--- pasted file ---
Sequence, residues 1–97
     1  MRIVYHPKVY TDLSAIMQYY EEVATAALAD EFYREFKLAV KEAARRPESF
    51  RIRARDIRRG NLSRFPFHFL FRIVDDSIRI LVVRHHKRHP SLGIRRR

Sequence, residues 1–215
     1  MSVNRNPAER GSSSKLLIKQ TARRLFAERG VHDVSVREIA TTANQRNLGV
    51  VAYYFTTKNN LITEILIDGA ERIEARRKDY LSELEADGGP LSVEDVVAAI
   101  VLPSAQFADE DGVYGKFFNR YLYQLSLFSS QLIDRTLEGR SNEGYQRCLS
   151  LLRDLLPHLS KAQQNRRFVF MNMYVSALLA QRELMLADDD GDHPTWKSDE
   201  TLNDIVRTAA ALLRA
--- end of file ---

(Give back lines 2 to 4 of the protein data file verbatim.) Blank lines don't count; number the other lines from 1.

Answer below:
     1  MRIVYHPKVY TDLSAIMQYY EEVATAALAD EFYREFKLAV KEAARRPESF
    51  RIRARDIRRG NLSRFPFHFL FRIVDDSIRI LVVRHHKRHP SLGIRRR

Sequence, residues 1–215